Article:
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Trying to stem the scourge of prescription drug abuse in the United States, an advisory panel of experts to the Food and Drug Administration voted Friday to toughen restrictions on Vicodin and other hydrocodone products, the most widely used narcotic painkillers in the country.
The panel voted 19-10 in favor of the recommendation, which the FDA will likely follow, which would limit access to the drugs by making them harder to prescribe, a major policy change that advocates said could help ease the growing problem of addiction to painkillers.
The change would have sweeping consequences for doctors, pharmacists and patients. Under the new rules, refills without a new prescription would be forbidden, as would faxed prescriptions and those called in by phone. Only written prescriptions from a doctor would be allowed and pharmacists and distributors would be required to store the drugs in special vaults. The vote comes after similar legislation in Congress failed last year, after intense lobbying by pharmacists and drugstores.
Prescription drugs account for about three-quarters of all U.S. drug overdoses, with the number of deaths more than tripling since 1999, according to federal data. Since 2008, deaths from overdoses have outpaced deaths from car accidents.
The FDA convened the panel, made up of scientists and other experts, after a request by the Drug Enforcement Administration, which contends that the drugs are among the most frequently abused painkillers in the country.
''This is the federal government saying, 'We need to tighten the reins on this drug,'" said Scott R. Drab, associate professor of pharmacy and therapeutics at the University of Pittsburgh's School of Pharmacy. "Pulling in the rope is a way to rein in abuse, and consequently, addiction."
At a two-day hearing at FDA headquarters in Silver Spring, Md., many speakers opposed the change, including advocates for nursing home patients, who said older, frail residents needing pain medication would now be required to make the arduous trip to a doctor's office to continue using hydrocodone products. Other experts questioned how effective the change would be. Oxycodone, another highly abused painkiller, and the active ingredient in OxyContin, has been in the more restrictive category since it came on the market, but the limited access does not seem to have stemmed abuse, they said.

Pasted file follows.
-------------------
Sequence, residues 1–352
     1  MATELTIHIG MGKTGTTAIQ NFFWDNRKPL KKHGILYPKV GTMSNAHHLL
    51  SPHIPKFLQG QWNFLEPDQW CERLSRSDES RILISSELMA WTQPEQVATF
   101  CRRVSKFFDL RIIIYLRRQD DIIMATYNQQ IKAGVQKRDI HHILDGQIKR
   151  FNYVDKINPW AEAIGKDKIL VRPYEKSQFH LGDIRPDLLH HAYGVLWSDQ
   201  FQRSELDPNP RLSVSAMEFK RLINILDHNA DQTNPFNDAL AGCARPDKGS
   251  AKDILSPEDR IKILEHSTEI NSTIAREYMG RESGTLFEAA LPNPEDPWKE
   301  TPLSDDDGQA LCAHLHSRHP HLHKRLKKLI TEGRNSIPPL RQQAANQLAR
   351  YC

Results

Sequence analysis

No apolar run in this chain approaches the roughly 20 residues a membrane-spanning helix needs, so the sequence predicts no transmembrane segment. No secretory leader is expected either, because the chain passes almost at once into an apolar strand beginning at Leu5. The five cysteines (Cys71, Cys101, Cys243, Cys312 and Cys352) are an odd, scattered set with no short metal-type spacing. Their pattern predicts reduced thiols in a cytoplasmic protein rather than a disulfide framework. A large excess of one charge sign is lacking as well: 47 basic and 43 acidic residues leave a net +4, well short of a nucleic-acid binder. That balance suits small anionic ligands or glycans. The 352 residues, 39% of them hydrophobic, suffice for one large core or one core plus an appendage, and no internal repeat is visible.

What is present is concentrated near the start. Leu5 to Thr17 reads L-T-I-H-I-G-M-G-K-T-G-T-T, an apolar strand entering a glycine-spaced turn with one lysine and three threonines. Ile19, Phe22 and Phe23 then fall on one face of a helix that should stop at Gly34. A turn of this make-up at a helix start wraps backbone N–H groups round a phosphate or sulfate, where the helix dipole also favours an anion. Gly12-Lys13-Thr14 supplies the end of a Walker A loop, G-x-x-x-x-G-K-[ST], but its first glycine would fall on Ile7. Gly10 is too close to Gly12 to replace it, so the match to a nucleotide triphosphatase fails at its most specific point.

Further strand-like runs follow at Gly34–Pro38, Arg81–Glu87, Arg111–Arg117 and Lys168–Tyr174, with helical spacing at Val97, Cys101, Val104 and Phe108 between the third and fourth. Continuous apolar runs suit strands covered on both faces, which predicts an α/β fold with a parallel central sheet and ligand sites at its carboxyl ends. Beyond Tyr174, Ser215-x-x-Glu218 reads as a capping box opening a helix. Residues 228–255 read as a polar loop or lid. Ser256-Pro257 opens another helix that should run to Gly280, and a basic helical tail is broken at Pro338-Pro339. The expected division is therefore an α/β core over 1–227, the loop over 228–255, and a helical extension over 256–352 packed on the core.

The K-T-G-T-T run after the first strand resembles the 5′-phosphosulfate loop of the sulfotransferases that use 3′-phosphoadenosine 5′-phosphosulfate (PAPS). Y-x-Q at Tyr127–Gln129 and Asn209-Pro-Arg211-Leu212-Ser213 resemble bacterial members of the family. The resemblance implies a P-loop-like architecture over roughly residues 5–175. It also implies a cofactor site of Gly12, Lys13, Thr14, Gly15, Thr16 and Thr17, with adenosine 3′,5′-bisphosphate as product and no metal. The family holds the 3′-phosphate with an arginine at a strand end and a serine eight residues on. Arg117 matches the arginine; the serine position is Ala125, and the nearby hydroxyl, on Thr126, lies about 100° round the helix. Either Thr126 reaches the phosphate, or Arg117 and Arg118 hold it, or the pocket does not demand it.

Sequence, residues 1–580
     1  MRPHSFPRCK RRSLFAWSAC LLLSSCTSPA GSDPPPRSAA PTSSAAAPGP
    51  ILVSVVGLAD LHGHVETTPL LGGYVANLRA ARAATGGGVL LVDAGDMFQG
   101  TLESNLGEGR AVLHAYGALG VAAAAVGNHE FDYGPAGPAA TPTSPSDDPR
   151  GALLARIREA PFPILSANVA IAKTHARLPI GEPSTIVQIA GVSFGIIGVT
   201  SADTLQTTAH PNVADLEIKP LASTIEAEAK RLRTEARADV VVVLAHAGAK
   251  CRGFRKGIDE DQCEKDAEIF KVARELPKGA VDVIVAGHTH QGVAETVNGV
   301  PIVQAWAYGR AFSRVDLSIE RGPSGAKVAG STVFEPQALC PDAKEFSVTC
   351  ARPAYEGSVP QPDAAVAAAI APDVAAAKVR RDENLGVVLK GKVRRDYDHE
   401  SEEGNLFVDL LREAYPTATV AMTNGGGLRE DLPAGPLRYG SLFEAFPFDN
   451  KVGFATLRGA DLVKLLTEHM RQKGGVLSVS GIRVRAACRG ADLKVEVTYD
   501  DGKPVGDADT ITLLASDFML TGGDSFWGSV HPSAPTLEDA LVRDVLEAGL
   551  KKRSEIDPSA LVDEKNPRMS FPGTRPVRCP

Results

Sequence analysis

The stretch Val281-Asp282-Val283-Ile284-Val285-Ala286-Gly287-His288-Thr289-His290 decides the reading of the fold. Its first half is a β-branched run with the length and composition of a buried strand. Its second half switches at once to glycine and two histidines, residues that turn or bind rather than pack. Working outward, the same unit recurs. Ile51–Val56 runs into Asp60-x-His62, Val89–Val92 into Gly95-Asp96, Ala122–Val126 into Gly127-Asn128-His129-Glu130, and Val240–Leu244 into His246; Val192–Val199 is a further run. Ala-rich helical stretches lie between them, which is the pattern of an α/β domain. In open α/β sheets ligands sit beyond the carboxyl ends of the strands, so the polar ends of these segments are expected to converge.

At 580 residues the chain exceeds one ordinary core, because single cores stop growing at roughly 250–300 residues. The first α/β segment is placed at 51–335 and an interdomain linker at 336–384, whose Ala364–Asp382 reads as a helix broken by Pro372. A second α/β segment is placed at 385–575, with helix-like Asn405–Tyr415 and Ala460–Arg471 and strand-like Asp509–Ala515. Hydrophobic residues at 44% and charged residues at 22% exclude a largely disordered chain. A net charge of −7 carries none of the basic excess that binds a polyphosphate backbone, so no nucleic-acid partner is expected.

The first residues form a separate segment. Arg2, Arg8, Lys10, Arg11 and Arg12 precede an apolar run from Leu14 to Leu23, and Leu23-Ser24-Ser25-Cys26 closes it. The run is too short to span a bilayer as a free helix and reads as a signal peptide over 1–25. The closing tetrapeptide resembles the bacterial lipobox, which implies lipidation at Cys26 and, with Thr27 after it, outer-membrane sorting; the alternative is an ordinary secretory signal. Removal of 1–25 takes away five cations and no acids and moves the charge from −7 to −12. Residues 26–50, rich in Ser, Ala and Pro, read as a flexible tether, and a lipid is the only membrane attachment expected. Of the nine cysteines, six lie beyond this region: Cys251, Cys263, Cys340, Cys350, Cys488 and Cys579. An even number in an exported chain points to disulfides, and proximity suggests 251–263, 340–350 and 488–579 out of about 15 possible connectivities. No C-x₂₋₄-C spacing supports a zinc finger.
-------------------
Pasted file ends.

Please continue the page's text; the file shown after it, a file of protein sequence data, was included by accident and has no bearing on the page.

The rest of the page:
But others including parents who had lost their children to prescription drug abuse, as well as doctors and pharmacists, testified, in favor of the proposed restrictions, sometimes emotionally. Sen. Joe Manchin, D-W. Va., made an impassioned plea.
''When I go back to West Virginia, I hear how easy it is for anybody to get their hands on hydrocodone drugs," Manchin said Friday. "For underage children, these drugs are easier to get than beer or cigarettes."
He added that the less restrictive status was fueling the prescription drug epidemic today."
Dr. James P. Rathmell, chief of the division of pain medicine at Massachusetts General Hospital, said hydrocodone products had similar biological effects as oxycodone products and should unquestionably be in the same category of restrictiveness.
''Knowing what we know today, it was a mistake," Rathmell said, referring to hydrocodone products being placed in the looser category when they came on the market. "It should be corrected."
Dr. Timothy Deer, a pain management specialist at the Center for Pain Relief in Charleston, W.Va., said he feared for older patients, particularly in rural areas, who would now have farther to drive to get their prescriptions renewed. But, because hydrocodone products have been by far the most widely prescribed painkiller, toughening the restrictions on them is a worthy trade-off, he said, particularly in a hard-hit state like West Virginia.
''At the end of the day, the benefits of reducing abuse will outweigh the harm to legitimate pain patients," Deer said. "This will likely reduce the amount of drug falling into the wrong hands."
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